First Traveller to stand for Dáil amid increasing confrontation with State

Obituary Nan Joyce: Was the face of the Traveller community in the 1970s

In 1982, having become the first Traveller ever to stand for Dáil Éireann in that year’s general election, gardaí aggressively raided Nan Joyce’s home near Tallaght. Photograph: Paddy Whelan

In 1982, having become the first Traveller ever to stand for Dáil Éireann in that year’s general election, gardaí aggressively raided Nan Joyce’s home near Tallaght. Photograph: Paddy Whelan

 

Obituary: Nan Joyce

Born: June 24th, 1940

Died: August 7th, 2018 .

Two stories, 30 years apart and both involving police, frame the story of the extraordinarily difficult life of Ann (Nan) Joyce, who has died aged 78.

In 1952, when she was aged 12, and living with her family on a Traveller campsite just outside Belfast, her father, John Donoghue, died while in the custody of the RUC in a police station in circumstances that were never fully explained.

In 1982, having become the first Traveller ever to stand for Dáil Éireann in that year’s general election, gardaí aggressively raided her family’s home at a site near Tallaght, a site that had been targeted for protest, although not attack, by an anti-Traveller group previously. Joyce was arrested and charged with the theft of jewellery and receiving stolen goods found on the premises. After months of court appearances, both charges were eventually dropped; the jewellery had, in fact, been Nan Joyce’s property.

Both events could be said to describe in microcosm the conditions under which Traveller people lived in Ireland in the 20th century, and in response to which Nan Joyce finally found the courage to rebel. In the late 1970s, this was to propel her to national notoriety as the face of the Traveller community, and a female face at that.

Era of confrontation

Travellers and the Irish State were moving at that time into an era of confrontation, which had many causes but which manifested itself principally (with telling resonances today) as a housing crisis as Dublin Corporation moved Travellers from halting sites in Finglas and Glasnevin to Tallaght.

Nan Joyce and a number of like-minded people, both other Travellers and settled people, including Mervyn Ennis, a youth and community social worker with the then Eastern Health Board and a local couple, Tony and Marie Hackett, formed what became the Travellers’ Rights’ Committee (TRC).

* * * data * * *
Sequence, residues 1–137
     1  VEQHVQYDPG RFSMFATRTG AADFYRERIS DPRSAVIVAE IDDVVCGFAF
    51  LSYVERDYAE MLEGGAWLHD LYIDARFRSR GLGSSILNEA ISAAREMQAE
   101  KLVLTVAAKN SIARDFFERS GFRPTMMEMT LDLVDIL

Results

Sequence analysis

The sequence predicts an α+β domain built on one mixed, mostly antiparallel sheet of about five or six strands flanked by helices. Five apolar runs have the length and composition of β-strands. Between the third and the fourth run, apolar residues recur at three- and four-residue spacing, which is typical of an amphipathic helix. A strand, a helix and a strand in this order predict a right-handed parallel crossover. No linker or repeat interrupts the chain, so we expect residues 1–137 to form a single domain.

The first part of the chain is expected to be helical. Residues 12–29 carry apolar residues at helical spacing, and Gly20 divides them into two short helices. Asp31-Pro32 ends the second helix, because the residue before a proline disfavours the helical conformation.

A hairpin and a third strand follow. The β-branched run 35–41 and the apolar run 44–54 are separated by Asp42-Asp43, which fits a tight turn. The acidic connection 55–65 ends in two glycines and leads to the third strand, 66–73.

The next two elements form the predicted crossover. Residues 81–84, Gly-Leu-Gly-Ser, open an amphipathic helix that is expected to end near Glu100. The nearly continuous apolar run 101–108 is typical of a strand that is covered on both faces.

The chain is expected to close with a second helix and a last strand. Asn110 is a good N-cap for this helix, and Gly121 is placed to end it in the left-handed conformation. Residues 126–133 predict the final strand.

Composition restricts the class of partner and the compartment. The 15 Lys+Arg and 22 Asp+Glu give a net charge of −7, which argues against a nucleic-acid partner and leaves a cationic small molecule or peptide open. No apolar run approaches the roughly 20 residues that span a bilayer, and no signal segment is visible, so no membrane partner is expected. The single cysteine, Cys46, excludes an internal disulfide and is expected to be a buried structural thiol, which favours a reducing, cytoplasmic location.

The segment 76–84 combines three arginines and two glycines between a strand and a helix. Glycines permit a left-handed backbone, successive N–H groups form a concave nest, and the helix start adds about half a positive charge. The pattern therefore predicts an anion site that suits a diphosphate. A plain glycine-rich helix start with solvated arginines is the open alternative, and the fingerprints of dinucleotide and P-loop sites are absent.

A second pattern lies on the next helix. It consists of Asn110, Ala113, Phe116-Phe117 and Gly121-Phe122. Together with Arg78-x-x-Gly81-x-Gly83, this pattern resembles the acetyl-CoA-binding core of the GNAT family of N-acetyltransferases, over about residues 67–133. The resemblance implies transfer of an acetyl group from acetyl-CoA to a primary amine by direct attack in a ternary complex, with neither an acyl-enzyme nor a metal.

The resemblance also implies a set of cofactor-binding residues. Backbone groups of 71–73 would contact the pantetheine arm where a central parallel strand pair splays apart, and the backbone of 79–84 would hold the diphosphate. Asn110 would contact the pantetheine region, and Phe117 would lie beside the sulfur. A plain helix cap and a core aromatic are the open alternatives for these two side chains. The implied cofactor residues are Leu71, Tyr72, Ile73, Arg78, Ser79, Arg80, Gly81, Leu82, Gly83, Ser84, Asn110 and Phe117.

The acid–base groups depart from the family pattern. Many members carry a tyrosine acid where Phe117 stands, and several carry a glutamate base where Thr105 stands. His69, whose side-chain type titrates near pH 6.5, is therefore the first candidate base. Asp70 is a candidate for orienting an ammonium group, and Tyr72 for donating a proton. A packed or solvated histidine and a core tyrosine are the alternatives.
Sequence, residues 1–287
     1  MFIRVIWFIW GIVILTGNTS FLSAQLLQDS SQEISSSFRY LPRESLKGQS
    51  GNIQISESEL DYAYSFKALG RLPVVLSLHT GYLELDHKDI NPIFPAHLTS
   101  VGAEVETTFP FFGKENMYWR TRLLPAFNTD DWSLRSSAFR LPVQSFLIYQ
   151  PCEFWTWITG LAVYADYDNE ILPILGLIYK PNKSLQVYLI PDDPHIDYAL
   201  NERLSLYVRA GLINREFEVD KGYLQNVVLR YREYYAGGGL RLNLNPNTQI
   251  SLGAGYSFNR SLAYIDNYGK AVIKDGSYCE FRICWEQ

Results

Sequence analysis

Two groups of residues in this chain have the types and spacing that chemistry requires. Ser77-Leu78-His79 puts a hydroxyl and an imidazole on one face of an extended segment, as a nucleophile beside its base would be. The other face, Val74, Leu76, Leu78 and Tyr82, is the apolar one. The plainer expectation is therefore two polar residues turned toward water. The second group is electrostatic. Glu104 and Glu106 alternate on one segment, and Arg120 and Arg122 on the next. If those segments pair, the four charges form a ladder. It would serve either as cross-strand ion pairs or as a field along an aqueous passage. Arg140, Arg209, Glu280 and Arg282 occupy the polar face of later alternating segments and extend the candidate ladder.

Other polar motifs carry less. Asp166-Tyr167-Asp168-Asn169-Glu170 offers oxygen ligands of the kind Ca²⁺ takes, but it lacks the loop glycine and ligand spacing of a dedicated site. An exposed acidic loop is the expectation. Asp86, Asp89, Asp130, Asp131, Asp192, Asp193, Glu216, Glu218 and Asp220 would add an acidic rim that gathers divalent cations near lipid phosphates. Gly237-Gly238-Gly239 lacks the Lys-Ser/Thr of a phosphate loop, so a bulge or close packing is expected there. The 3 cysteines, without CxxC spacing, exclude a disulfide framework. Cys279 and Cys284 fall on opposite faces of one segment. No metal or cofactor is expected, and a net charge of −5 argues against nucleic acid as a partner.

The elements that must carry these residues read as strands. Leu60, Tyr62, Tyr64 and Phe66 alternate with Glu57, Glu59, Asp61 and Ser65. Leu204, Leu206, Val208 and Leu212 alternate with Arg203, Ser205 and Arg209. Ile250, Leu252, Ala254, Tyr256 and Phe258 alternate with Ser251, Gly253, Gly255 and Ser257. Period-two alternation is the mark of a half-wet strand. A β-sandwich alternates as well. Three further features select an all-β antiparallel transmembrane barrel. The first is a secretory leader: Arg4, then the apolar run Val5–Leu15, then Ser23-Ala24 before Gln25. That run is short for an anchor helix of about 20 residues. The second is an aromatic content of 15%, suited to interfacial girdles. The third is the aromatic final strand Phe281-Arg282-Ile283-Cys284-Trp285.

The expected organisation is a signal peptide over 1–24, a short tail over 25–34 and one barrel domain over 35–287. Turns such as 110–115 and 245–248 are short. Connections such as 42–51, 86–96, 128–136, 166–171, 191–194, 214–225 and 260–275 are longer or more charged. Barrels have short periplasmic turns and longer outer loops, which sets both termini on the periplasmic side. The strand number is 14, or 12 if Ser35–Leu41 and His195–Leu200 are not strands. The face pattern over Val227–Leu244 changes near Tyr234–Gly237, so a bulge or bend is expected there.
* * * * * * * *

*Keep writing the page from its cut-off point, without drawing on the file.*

An earlier appearance by Joyce in the late 1970s on RTÉ television’s The Late Late Show had been the first significant exposure for her on national media, as it had been followed by great interest from other media outlets. Following the march on the Travellers’ Tallaght site, broadcaster Gay Byrne had brought his morning radio show out to interview Nan Joyce, and in the months following this, the interest generated was mirrored nationwide with visits by the TRC to community groups and third-level institutions across Ireland.

Later that year, and for the first time in the history of the state, a Traveller stood for election, with Nan Joyce polling a respectable 580 votes in the Dublin South-West constituency. In the mid 1980s, Joyce moved back to what had always been her favourite place, Belfast, childhood memories of which were vividly recorded in her autobiography, My Life on the Road (Gill and Macmillan, 1985, edited by Anna Farmer).

Women’s refuge

Having trouble in her marriage at the time (her husband, John, and herself were reconciled after a few months’ separation), she moved with her children into a Women’s Aid refuge, where she met Catholic and Protestant women, and became involved gradually in setting up what became the Northern Ireland Council for Travelling People (NICTP), of which she became chairperson.

This renewed activism brought her into contact with people right across the spectrum of Northern politics and society, and included meetings with then secretaries of state Tom King and Peter Brooke, and representatives from Sinn Féin, the Alliance Party, the Ulster Unionist Party, the SDLP and the Democratic Unionist Party, including Rhonda Paisley.

The NICTP held regular meetings with councillors at Belfast City Hall, and community groups across the province.

Lifetime Achievement Award

Nan Joyce later moved back to live with members of her family in north Dublin near Clonshaugh. In 2010, she was presented by President Mary McAleese with a Lifetime Achievement Award at Áras an Uachtaráin for her work promoting Travellers’ rights.

Nan Joyce was born in Clogheen, Ballyporeen, Co Tipperary, in 1940, the second eldest of 10 children of a Traveller couple, John and Nan O’Donoghue (nee McCann), and grew up travelling the roads of Ireland, North and South, but living during childhood mostly in and around Belfast.

Joyce is survived by her children, Anne, Kathleen, Christine, Mary, Julia, Tommy, John, Elizabeth, Patrick, Richard and Elaine; her sisters, Chrissy and Lily, and her brothers, Peter, Richie, Paddy, Michael and Willie. Her husband, and her sisters Kathleen and Sarah (Sally), predeceased her.